Of course I consider other things as well, but any time I write about “shred” or playing fast those are my two primary objectives. Shallow, I know. But the amount of traffic/attention generated by my idiotic arpeggio vids and posts about playing fast VASTLY outweighs that from my forays into stuff I’m REALLY passionate about, like vibrato and phrasing. Go figure! :roll:

 
 
+ Comment by Dinosaur David B.
2007-08-19 00:40:40

I’m sure it does. But I wonder, if that’s just a chicken vs egg kind of situation. What I hate to see is young people making the same mistakes over and over if I can tell them things I WISH someone had told ME at age 18, or 22, or 25. PRACTICE your vibrato(s) practice your bends (i.e. bending in pitch) practice your CONTROL, your phrasing and melodies. Because even if you can play at Shrapnel Shredder speeds, without those other things in your toolbox, you’re STILL going to look and sound like an amateur to seasoned players. A lot of times, the lightbulb finally goes on for these kids between age 25-30, and they realize they have all the speed they’ll ever need and none of the rest of it. And then they have to play catch-up on everything. What I try to do is say: Here’s what I wish I would have worked on at your age IN ADDITION to speed.

+ Comment by Lorinator
2007-08-20 02:56:08

Hear here. In fact, I’ll test it. Articles on the stuff I *really* like comin’ up soon!

Guest posters are also welcome to submit articles, nudge nudge, wink wink…

+ Comment by Dinosaur David B.
2007-08-30 05:10:11

What have you got in mind?

+ Comment by Lorinator
2007-08-31 21:44:44

I’m pretty much open to anything, so if there’s some juicy guitar goodness that you’d like to write about, you’re welcome. You’ll get a wider readership in an article than in the comments section :-)

+ Comment by Dinosaur David B.
2007-09-03 23:13:11

What if we did sort of a back and forth discussion on the topic?

(No nesting below this level)
 
 
 
 
 
+ Comment by Lovecrafter
2007-08-19 20:10:05

Hi Lori and everyone.
I am a late starter on this guitar issue :) And unfortunatelly i also don’t have the patience of playing the same stupid lick over and over (don’t even have to mention, “slow”). I have that “economic” style in my picking :) Now i wanna ask, what is the evil thing in economy picking ? I mean, why is it bad ? Even some veteran shredders and famous names do that sometimes. I even saw Michael Romeo say that he uses economy picking with alternate picking in his playing.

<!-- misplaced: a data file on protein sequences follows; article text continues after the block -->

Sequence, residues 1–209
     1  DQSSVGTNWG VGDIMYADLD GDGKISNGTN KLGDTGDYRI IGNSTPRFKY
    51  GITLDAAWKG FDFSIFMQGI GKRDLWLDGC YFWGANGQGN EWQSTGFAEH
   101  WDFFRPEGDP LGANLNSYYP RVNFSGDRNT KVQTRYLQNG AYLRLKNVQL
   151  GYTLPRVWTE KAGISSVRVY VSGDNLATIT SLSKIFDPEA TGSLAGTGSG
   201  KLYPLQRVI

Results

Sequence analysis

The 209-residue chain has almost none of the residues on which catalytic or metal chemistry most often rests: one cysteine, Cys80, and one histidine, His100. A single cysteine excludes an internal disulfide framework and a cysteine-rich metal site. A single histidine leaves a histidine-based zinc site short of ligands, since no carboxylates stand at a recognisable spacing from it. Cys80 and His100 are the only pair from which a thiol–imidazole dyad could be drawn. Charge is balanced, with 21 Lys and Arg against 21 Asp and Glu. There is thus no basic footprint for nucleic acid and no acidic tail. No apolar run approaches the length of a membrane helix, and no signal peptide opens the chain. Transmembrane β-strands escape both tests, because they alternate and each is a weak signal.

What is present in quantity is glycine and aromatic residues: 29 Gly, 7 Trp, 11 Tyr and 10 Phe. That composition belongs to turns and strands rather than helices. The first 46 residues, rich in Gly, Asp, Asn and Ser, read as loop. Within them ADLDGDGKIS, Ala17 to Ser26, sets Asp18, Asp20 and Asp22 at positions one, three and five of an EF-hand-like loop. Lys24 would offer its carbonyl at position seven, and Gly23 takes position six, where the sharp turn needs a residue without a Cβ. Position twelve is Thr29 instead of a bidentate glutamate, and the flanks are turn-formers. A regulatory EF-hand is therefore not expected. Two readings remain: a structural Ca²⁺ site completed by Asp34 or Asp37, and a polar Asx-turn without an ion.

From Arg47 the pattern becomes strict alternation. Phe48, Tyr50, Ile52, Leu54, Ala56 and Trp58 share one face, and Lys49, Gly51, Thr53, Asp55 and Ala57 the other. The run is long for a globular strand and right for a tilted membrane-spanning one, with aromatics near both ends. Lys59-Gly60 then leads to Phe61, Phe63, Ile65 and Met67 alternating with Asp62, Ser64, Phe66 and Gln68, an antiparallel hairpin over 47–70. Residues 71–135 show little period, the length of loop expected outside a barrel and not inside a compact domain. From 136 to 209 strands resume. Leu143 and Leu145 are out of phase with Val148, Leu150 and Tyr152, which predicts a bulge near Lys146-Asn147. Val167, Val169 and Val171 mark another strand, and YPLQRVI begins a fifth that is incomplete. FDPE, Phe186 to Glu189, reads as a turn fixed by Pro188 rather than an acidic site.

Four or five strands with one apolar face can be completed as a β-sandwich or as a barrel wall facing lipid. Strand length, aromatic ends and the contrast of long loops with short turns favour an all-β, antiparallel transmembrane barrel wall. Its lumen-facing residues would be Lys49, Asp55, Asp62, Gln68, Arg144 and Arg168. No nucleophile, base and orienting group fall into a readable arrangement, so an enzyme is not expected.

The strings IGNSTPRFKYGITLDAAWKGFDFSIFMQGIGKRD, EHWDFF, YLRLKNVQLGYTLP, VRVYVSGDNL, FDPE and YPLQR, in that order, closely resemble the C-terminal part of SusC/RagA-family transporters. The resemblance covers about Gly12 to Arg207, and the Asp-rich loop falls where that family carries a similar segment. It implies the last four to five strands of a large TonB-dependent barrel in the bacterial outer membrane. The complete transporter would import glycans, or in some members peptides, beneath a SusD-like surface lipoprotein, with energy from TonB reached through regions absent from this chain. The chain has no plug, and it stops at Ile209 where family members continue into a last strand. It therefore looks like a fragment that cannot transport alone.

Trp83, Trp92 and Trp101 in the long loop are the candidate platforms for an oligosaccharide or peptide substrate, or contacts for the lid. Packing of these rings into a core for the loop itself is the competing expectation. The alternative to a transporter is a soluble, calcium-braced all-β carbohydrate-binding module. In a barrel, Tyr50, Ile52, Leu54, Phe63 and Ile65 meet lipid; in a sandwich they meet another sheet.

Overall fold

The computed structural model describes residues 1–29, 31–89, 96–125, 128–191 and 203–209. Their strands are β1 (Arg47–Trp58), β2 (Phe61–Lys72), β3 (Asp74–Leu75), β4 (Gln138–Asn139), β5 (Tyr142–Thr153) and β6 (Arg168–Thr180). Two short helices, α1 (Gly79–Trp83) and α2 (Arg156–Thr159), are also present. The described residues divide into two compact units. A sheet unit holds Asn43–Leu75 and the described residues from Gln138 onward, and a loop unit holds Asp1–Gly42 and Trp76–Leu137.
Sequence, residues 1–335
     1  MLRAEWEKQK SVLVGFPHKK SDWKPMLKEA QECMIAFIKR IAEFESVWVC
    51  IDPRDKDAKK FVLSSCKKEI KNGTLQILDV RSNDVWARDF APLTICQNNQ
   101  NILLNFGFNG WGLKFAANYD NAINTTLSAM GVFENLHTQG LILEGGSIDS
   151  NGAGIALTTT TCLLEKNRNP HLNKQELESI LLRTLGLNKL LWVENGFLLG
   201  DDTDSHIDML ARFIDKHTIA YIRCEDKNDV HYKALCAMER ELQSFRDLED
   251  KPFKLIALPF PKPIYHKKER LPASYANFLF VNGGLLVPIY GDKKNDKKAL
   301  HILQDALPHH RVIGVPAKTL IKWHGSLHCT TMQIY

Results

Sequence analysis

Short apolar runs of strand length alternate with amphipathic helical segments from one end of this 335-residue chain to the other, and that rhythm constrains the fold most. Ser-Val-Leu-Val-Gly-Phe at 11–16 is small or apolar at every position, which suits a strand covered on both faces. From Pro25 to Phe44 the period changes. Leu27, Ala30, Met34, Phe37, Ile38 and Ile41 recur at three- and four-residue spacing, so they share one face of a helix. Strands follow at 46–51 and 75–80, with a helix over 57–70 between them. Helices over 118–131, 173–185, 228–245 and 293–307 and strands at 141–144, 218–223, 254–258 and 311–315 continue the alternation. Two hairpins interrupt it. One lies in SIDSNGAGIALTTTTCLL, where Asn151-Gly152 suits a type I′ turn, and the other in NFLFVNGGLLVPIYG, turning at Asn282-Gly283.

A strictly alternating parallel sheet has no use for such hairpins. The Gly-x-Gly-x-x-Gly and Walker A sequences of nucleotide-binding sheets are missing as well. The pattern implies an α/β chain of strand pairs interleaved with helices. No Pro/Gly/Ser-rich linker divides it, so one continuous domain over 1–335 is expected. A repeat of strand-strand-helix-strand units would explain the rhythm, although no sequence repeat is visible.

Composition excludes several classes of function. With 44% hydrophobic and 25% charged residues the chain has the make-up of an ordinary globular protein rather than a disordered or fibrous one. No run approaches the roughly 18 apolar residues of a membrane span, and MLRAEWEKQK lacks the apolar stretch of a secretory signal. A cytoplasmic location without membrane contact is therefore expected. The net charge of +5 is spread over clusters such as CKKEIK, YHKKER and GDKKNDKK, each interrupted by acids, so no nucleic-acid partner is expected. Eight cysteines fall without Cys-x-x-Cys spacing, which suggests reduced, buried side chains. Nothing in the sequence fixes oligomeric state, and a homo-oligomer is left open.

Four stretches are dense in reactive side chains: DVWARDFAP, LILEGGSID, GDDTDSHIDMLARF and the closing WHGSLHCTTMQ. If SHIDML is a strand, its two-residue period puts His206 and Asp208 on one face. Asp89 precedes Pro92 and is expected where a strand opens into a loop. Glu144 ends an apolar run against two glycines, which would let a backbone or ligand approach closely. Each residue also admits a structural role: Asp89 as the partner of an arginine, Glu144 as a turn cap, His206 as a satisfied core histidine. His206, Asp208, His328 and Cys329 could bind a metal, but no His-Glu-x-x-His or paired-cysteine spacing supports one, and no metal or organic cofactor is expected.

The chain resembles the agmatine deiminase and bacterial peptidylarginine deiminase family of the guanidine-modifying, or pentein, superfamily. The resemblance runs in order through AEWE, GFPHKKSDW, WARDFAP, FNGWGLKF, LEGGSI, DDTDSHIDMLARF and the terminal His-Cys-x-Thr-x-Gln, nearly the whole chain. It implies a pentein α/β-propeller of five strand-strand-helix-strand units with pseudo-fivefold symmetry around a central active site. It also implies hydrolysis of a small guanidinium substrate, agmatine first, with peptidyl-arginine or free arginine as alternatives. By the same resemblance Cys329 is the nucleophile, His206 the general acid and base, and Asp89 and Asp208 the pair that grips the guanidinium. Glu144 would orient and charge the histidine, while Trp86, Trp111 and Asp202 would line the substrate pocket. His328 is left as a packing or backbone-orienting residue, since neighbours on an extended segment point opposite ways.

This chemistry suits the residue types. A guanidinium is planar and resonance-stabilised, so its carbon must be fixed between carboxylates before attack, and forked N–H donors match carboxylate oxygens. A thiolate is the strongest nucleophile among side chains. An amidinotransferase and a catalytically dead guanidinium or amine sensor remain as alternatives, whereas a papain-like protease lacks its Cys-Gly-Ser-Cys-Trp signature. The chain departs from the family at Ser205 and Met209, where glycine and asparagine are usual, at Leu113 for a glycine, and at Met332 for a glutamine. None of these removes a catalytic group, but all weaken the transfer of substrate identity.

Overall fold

So do i really have to change the way i am picking ? Cause if this is the way, it is gonna be a long and stressfull experience for me. I wish i didn’t quit the drums :) I was very good at it. But ahh whatever. Our issuse is the guitar :)

And i really should mention that Lori, seems to be a wonderful person, that she patiently replies each and every comment on this blog. Thanks a lot.

+ Comment by Lorinator
2007-08-20 02:54:46

Oh dear, that “I don’t have the patience to…” thing is gonna bite you in the butt eventually, mark my words. Patience is your friend. Trust me. :twisted:

Anyway, economy picking is only evil under two conditions:
1) You mean to be doing some other kind of picking (like alt picking)
2) You are doing half-assed, crappy economy picking.

There is of course nothing wrong with using economy picking, and no need for you to change your picking style.

In fact, once I feel really comfortable with my alt picking I’ll be tackling economy picking as well.

I’ve seen links posted to this article in various places, and from the ensuing discussions I see that a follow-up post is in order to set some things straight that I forgot to mention or got wrong the first time around.

 
 
+ Comment by Graeme
2007-08-30 15:02:08

I have to say, I’m finding this practice technique really helpful. I’m already good at improvising and bending notes etc, but I’ve always had trouble with playing fast when I need to (i.e. when it’s not crass!)

Thanks a lot for the advice and inspiration!

 
+ Comment by Lorinator
2007-08-31 21:41:44

I’m glad you’re finding it useful, Graeme. Thanks for letting me know. :-)